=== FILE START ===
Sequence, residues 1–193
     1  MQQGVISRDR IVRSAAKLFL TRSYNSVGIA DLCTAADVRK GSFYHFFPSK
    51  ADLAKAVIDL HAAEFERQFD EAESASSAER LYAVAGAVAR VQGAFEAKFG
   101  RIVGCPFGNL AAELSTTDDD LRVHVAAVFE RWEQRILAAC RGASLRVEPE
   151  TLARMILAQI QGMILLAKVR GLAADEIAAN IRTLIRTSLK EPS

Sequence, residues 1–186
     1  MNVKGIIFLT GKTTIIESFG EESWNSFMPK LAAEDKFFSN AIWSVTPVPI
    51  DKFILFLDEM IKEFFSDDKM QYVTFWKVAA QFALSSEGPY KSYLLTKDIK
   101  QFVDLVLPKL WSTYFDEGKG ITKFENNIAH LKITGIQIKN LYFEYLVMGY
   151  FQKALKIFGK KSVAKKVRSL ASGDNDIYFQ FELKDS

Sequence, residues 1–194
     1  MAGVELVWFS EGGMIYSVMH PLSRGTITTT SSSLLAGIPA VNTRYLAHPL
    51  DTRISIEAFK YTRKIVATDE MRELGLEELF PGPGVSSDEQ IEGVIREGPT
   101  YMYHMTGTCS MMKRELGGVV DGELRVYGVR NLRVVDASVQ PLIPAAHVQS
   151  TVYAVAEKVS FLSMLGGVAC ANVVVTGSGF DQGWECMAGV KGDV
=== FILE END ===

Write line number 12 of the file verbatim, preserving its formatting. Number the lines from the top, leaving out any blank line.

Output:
     1  MAGVELVWFS EGGMIYSVMH PLSRGTITTT SSSLLAGIPA VNTRYLAHPL